Business consulting firm McKinsey & Co. says insurers need systematic capabilities to support programmatic deal-making, and that a good place to start is with an effective M&A blueprint.
“At its core, programmatic M&A is not a volume play; it’s a strategy for systematically acquiring small to midsize businesses, services, and capabilities and for effectively integrating them as new businesses or capabilities,” the firm stated in a report.
“Companies that adopt this approach to deal-making, including a select group of insurers in both the life and property and casualty [P&C] sectors, have generated superior excess TSR [total shareholder return] by focusing on a series of smaller acquisitions to diversify product offerings or add new capabilities—rather than traditional financial-sector M&A goals that emphasize building scale,” the report said.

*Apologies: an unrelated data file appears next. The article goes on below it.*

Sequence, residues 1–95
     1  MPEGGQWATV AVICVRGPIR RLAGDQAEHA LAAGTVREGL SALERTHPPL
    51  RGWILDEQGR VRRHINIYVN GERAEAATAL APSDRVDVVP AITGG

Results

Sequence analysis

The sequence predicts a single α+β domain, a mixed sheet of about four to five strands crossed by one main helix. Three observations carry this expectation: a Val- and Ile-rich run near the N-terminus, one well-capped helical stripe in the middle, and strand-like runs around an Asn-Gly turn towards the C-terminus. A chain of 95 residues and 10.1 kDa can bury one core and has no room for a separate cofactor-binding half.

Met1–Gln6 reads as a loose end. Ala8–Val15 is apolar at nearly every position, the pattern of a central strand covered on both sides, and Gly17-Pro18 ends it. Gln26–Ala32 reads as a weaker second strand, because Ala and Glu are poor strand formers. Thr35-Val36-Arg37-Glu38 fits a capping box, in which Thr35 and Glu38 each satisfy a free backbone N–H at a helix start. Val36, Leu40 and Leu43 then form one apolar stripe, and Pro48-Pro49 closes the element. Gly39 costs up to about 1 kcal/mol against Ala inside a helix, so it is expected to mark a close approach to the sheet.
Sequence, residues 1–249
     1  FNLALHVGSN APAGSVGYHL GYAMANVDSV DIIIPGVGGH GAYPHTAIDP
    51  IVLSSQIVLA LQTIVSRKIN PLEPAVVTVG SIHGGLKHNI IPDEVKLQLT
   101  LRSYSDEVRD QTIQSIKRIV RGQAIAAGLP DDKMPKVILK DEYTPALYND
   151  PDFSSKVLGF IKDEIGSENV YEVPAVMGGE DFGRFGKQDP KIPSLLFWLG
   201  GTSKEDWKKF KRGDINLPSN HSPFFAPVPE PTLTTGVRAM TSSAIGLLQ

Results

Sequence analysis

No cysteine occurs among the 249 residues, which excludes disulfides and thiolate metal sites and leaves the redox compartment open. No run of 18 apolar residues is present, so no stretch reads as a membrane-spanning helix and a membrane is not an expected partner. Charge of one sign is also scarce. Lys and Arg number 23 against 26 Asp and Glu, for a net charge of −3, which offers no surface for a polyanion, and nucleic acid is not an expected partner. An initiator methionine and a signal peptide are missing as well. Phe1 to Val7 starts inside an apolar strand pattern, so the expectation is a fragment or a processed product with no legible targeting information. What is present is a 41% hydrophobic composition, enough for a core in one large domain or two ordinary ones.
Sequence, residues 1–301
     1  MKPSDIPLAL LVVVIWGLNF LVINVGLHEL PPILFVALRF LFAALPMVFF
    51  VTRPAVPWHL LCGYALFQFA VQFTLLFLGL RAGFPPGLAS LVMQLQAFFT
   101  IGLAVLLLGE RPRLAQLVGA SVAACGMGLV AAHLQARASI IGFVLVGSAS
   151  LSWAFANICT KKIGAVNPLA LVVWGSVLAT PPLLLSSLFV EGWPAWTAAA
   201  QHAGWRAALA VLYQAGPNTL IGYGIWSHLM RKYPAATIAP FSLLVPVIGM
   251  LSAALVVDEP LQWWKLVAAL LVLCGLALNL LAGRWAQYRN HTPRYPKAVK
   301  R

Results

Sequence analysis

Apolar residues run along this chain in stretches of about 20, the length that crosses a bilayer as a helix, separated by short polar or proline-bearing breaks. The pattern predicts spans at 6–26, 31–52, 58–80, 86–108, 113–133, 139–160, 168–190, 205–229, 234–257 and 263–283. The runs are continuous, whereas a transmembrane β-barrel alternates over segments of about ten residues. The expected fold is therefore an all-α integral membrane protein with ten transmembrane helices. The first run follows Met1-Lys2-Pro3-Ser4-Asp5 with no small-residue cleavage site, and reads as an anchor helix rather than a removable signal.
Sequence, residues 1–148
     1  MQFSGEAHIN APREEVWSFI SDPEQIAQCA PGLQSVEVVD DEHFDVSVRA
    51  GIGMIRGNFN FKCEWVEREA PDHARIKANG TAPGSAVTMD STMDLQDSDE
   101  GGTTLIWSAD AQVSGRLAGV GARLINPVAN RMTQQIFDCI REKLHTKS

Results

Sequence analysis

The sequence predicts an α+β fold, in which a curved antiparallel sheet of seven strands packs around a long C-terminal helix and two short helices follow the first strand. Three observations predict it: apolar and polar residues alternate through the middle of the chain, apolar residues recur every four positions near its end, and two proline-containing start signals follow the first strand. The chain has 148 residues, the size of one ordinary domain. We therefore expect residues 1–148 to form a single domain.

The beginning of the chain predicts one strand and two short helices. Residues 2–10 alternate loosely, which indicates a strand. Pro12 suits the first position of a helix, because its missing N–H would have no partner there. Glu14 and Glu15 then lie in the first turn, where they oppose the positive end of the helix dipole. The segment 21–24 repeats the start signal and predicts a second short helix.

Deal-making in the insurance sector is likely to be “brisk” in the coming years, McKinsey said, as insurers look to grow and diversify their earnings. Life insurers face ongoing challenges to sustaining growth in core life and annuity businesses; and they also remain focused on improving return on equity (ROE) profiles by divesting or reinsuring legacy blocks.
P&C carriers “are likely to seek bolt-on deals of companies that enhance their presence in growth markets and offer attractive cross-cycle ROE,” the firm said. Without a developed M&A blueprint, however, insurers are more likely to pursue ad hoc synergies around each target with hit-or-miss returns. “A robust M&A blueprint addresses where, why, and how a company will undertake a systematic program of acquisition,” it said. “It lays out well-defined themes and criteria that are explicitly grounded in strategy, builds conviction and alignment of stakeholders, and sets clear boundaries and integration plans.”
Source: Digital Insurance